What they can’t do is call you by your first name – especially when you’ve made your discomfort on that topic abundantly clear. It’s okay if your stepchildren aren’t accepting of your presence quite yet, but regardless of their feelings, they need to treat you with respect.
3. Avoid Engaging in any Needless Conflicts
Some children like provoking their stepparents. They might do it to show that they aren’t fit to be in a relationship with their biological parent, or they might also do it just because they enjoy it.
No matter the reason, don’t take the bait. There’s no need to meet all the problems they cause head-on. You want a good relationship with your stepchildren – or a civil one, at minimum.
Reaffirm your own boundaries, clarify that you won’t tolerate disrespect, but let some things slide from time to time. Prove to your stepchildren that you can be reasonable and patient in handling them.
Show them that you aren’t just waiting for an excuse to bite their heads off. It’s okay to be annoyed and frustrated, but letting these feelings dominate your whole dynamic won’t work out.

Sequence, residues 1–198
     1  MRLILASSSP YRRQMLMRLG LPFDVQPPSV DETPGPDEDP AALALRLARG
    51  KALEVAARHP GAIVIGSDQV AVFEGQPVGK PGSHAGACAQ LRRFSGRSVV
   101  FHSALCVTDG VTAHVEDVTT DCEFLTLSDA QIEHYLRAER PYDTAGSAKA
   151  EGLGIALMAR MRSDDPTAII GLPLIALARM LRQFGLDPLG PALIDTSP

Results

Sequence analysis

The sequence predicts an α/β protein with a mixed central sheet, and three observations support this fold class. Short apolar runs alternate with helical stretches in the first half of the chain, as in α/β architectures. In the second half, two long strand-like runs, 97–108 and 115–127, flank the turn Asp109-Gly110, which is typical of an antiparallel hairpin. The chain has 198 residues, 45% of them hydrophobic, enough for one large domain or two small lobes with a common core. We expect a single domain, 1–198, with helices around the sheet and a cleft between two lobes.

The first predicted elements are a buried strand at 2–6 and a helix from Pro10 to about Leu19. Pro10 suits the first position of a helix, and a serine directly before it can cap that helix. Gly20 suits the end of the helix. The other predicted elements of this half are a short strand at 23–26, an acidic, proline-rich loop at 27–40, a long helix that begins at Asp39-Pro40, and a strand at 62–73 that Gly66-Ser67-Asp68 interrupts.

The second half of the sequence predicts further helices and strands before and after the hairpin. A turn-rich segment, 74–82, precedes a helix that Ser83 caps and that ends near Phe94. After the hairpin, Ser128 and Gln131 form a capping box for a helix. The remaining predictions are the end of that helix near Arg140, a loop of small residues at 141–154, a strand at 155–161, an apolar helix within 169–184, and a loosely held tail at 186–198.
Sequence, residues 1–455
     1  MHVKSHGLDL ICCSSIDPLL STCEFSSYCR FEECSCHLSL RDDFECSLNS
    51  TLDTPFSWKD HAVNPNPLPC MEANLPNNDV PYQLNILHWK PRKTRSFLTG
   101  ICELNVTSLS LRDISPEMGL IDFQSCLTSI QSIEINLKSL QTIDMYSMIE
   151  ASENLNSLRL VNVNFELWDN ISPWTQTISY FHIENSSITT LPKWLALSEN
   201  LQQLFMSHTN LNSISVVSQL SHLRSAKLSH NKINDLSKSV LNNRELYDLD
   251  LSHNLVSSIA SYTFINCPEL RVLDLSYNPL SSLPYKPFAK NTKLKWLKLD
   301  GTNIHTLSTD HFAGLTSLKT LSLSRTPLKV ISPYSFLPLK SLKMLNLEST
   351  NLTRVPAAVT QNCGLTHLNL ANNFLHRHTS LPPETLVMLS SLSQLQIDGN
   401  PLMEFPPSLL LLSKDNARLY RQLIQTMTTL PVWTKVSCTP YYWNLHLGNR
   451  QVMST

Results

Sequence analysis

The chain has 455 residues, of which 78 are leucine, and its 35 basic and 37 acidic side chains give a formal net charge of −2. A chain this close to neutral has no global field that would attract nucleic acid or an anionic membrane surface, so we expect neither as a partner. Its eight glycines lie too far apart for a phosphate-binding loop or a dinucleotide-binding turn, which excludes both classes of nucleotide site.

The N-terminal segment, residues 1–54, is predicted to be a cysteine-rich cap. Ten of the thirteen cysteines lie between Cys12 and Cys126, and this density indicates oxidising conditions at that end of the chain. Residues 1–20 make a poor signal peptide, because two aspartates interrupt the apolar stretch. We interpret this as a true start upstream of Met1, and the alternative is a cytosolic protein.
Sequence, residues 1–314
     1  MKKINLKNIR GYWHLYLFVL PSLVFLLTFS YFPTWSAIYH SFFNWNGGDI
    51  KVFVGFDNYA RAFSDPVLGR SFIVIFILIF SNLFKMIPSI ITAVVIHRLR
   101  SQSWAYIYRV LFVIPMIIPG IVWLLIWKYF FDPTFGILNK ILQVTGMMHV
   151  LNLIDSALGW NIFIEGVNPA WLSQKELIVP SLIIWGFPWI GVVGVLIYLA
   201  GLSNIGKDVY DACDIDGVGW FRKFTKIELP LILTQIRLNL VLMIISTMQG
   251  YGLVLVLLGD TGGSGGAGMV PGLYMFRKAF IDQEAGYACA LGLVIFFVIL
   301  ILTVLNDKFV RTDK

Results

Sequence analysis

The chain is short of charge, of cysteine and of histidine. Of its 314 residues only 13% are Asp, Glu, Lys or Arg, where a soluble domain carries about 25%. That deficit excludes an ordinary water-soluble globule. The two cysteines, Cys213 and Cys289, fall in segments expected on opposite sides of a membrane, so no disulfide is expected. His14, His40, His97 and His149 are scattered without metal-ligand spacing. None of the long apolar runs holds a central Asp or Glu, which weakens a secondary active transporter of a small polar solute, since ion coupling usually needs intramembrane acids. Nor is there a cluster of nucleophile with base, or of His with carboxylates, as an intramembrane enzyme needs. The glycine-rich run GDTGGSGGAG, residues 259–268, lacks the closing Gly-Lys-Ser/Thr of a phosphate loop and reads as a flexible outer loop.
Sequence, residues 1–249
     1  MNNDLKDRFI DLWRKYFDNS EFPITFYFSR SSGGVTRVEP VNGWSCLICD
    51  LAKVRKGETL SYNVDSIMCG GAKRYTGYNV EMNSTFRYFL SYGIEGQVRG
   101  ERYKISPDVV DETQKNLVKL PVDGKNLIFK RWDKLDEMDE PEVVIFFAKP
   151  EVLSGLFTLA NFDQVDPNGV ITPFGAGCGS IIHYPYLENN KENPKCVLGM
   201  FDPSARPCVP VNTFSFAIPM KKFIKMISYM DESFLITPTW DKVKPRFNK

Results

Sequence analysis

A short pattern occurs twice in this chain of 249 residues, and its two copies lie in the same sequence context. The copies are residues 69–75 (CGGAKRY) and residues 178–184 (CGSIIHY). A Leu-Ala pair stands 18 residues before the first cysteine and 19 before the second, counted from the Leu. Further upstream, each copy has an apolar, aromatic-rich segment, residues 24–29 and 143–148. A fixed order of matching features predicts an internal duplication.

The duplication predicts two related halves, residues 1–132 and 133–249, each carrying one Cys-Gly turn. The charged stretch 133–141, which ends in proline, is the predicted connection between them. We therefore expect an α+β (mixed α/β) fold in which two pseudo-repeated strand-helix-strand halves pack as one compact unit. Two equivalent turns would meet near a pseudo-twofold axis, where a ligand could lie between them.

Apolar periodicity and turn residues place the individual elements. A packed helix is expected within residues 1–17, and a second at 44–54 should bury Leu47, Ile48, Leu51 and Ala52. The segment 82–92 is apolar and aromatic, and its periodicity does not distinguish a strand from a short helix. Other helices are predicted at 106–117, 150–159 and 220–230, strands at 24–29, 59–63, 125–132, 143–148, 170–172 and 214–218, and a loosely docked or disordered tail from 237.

It’s okay to accept a bit of grumbling, begrudgingness, and even protest at times, so long as they know they’ve got to listen and obey. Draw the line at disrespectful behavior, though.
Let’s say you told your stepchildren to handle the dishes. If they complain a bit or roll their eyes but do as they’re told anyway, you’ve got their cooperation. There’s no need to dredge it back up as a full-blown conflict just because how they did it bruised your ego.
Forgiveness is a huge part of parenting. Don’t forget that your stepchildren, however difficult they might be, are under just as much stress with you as you’re getting from them.
It’d be a different story if they outright refused to obey or yelled back rudely. Let things slide when you can. Don’t fumble a solid, if begrudging start because your authority felt challenged.